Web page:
Attensity Europe analyzed more than 250,000 tweets in English related to last night’s confession by Lance Armstrong to doping. Attensity Pipeline delivered 48,000 tweets within just the first 30 minutes of Armstrong’s TV interview with Oprah Winfrey, a clear demonstration of the important role social media plays in tapping into the public zeitgeist.
Time Series January 17, 2013, 05:00pm – 12:00am Pacific Time (times shown in the chart are Central European Time)
Obviously, most tweets in English originated in the USA, the UK, Canada and Australia. In the USA, the majority of the comments originated in California, Texas and New York — not surprising, considering that California and New York are the heartland of media (social and traditional) and Texas is the home of Lance Armstrong.
Distribution of tweets originating from the USA
The tweets offer some interesting revelations. Anger was by far the emotion most often expressed, followed by disengagement, sadness, excitement, happiness, confusion, and worry.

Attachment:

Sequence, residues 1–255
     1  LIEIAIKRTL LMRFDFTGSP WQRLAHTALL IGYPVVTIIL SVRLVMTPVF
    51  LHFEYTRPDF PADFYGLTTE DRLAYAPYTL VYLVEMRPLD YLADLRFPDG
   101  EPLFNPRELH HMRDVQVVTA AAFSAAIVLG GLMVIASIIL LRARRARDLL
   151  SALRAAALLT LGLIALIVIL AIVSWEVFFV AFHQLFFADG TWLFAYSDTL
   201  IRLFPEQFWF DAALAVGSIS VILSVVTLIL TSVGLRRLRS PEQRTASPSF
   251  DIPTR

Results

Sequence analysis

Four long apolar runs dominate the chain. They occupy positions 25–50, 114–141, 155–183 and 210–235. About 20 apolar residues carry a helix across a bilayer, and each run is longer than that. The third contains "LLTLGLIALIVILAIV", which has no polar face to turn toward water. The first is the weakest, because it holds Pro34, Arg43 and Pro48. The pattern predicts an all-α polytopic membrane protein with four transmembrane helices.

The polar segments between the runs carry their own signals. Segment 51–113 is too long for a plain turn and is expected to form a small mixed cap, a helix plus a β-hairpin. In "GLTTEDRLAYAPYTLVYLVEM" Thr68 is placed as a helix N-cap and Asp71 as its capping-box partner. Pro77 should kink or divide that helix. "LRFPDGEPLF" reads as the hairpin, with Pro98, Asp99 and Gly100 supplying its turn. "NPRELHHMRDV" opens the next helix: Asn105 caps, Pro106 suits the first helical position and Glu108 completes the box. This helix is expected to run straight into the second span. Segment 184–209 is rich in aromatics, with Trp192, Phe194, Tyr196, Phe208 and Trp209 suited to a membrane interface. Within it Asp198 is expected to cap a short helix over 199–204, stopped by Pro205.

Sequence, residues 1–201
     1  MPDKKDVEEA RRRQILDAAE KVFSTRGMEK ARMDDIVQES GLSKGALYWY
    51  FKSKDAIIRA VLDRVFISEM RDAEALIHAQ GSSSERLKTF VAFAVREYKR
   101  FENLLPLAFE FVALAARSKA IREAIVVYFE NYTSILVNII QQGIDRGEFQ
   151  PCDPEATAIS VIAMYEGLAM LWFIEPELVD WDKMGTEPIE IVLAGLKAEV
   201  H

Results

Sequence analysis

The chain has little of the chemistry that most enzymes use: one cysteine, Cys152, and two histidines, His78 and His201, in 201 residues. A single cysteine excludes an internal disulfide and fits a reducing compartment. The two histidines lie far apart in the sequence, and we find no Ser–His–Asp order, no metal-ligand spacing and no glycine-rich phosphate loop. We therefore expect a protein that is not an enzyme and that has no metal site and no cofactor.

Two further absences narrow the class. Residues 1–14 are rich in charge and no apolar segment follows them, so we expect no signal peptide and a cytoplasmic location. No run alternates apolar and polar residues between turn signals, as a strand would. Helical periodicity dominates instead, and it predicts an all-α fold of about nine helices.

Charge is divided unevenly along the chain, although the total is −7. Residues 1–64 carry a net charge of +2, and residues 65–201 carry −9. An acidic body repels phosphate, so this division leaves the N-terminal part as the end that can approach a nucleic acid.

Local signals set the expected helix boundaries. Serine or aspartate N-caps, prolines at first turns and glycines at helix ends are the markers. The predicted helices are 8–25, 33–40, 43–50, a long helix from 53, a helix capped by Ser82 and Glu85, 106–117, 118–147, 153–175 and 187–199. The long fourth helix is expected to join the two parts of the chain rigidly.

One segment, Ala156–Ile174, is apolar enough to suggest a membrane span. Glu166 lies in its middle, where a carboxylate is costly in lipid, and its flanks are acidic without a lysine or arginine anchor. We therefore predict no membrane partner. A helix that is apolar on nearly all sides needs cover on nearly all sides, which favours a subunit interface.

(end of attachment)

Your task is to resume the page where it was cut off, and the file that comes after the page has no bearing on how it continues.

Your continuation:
Emotional terms expressed in tweets
Let’s take a look at the statements expressed in the tweets. That Armstrong doped is the distinct number one (52%), while the confession itself only ranks at number five (5%). Second place goes to cynical and ironic tweets that emphasize Armstrong’s behavior (12%). Third place goes to tweets that criticize his long-time cheating (8%).
However, several hundred tweets point at his charitable deeds related to his Livestrong cancer foundation (7%). Many others express their continuing respect for him (4%) or appreciate his courage for admitting to doping (4%). Two percent of social commenters even write that Armstrong is still their hero.
Compared to the sentiment voiced in traditional print and broadcast media, at least a small part of the social media community seem to be sticking by Mr. Armstrong, even though the majority are angry or disengaged.
Top statements in tweets
Examples of tweets expressing cynicism or irony